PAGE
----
KU routs TCU to avenge loss
Published on -2/24/2013, 6:39 AM
LAWRENCE (AP) — Bill Self didn't show Kansas any extra video from its previous game against TCU.
His guys could probably recall every play anyway.
It was just over two weeks ago that the mighty Jayhawks, eight-time defending Big 12 champs, were waylaid on the road by a team that hasn't won another conference game all season.
So it made sense that the ninth-ranked Jayhawks would bring a bit of feistiness to the return game Saturday, and they didn't disappoint: They rolled to a 74-48 victory at Allen Fieldhouse.
"We just showed them their plays, how they run things and guard, and how we were inept doing both things against them," Self said of that 62-55 loss on Feb. 6.
"Hopefully it won't be discussed much moving forward. We need to think positive thoughts."
The Jayhawks (23-4, 11-3 Big 12) are certainly moving in a positive direction. They have won three straight since an uncharacteristic three-game skid, and assured themselves of no worse than a tie for first place in the league race heading to Iowa State on Monday night.
"They came out and kind of hit us in the mouth over there, and today, we came out with a lot of energy," said Jeff Withey, who had 18 points to lead the Jayhawks.
"We kind of had a quick start and kept rolling from there."
Kansas built a 38-9 lead by halftime and never looked back, giving Self career win No. 499.
Ben McLemore finished with 14 points, and Perry Ellis and Travis Releford had 12 each as Kansas put on a show for about 200 former players, coaches and staff — among them former coach Ted Owens — who were on hand to celebrate the program's 115th anniversary.
"Obviously they were upset. I don't know for what," joked TCU coach Trent Johnson.
The nine points scored in the first half by TCU were the fewest in any half in the last 15 years of Big 12 games — the fewest the Jayhawks had ever allowed in a Big 12 game. And they were the fewest allowed in a half by Kansas since Cornell scored nine on Jan. 2, 1996.
Devonta Abron had 18 points to lead the Horned Frogs, who have lost five straight by an average of nearly 22 since their victory over the Jayhawks. They have also lost 13 of 14 overall, their most recent win against anybody else coming Dec. 30 against Mississippi Valley State.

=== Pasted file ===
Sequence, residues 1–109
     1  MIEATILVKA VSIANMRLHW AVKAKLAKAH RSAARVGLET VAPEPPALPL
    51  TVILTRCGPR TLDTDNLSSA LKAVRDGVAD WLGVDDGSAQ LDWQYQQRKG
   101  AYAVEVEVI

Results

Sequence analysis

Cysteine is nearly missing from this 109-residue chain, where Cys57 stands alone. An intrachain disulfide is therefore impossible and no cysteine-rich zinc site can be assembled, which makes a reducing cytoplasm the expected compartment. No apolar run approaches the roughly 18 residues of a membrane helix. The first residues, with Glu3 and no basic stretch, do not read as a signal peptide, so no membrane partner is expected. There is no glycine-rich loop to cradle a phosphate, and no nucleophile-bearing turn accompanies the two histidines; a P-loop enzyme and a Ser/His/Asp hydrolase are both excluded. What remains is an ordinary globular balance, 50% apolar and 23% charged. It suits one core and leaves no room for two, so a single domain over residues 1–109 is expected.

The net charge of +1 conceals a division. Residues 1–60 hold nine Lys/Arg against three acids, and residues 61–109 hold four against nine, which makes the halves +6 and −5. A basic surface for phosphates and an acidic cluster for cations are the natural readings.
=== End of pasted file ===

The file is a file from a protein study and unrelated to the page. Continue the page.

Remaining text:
"We started out kind of rough all we could have done was keep our heads up and play through it," Abron said. "We had open shots. We just weren't making them."
Wearing throwback uniforms to honor its 1988 national championship team, Kansas rolled off the first 11 points and built an 18-5 lead with just over 10 minutes left in the half.
The Jayhawks mostly did it with defense, forcing the Horned Frogs into dribbling and passing around the perimeter for most of the shot clock before forcing up off-balanced shot. TCU wound up shooting 4 of 27 from the field and was 0 for 7 from beyond the arc in the first half.
"We played as a team today," McLemore said. "We got a lot of stops."
The Horned Frogs didn't fare well when Johnson called timeouts, either. Twice they committed turnovers on the ensuing inbounds play, keeping the Jayhawks' momentum going.
Self did far better with his timeouts.
After the Horned Frogs scored consecutive baskets, he called a quick one to get his team back on track. Kevin Young responded with a basket underneath, Elijah Johnson hit a 3-pointer from the top of the key and the Jayhawks ripped off an 18-0 run to end the half.
Trent Johnson left the court shaking his head at halftime, and it was hard to tell why: His team trailing 38-9 against a team it recently beat, or the soaring dunk along the base line that McLemore threw down in the closing seconds to punctuate the Jayhawks' big first half.
McLemore had 10 points at the break — one more than TCU had as a team.
The Horned Frogs' starters were shut out in the first half, combining to shoot 0 for 14 from the field. They committed eight turnovers and missed both of their free throws.
"I've never seen that before," Self said. "But they also missed some open looks, too. It's not all defense. They helped us by missing shots."
Things didn't go much better in the second half for the Horned Frogs, who couldn't string together enough baskets to make much of a dent in the Jayhawks' lead.
By the time the closing minutes wound down, the only question was whether Kansas would miss a foul shot. The Jayhawks didn't attempt one in the first half, but made their first 17 tries in the second. Andrew White III finally missed one with 2:26 left in the game.
Naturally, he made his second attempt.
It was that kind of day for Kansas.